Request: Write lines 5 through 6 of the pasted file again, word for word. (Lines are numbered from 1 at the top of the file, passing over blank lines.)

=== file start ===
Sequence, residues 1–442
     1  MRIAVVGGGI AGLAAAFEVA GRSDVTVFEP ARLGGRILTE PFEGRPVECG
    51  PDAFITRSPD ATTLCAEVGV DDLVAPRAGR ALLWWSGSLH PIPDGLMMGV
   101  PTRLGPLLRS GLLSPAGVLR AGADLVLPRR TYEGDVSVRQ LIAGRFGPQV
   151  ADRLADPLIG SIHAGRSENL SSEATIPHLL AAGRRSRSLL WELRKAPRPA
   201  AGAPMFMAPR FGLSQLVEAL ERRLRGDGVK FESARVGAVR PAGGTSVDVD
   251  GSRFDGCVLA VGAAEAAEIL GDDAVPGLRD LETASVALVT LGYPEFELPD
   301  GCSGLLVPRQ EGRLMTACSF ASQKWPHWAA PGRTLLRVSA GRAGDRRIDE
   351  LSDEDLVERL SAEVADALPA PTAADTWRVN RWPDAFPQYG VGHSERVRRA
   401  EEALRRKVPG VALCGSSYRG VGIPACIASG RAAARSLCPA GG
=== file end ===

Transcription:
   151  ADRLADPLIG SIHAGRSENL SSEATIPHLL AAGRRSRSLL WELRKAPRPA
   201  AGAPMFMAPR FGLSQLVEAL ERRLRGDGVK FESARVGAVR PAGGTSVDVD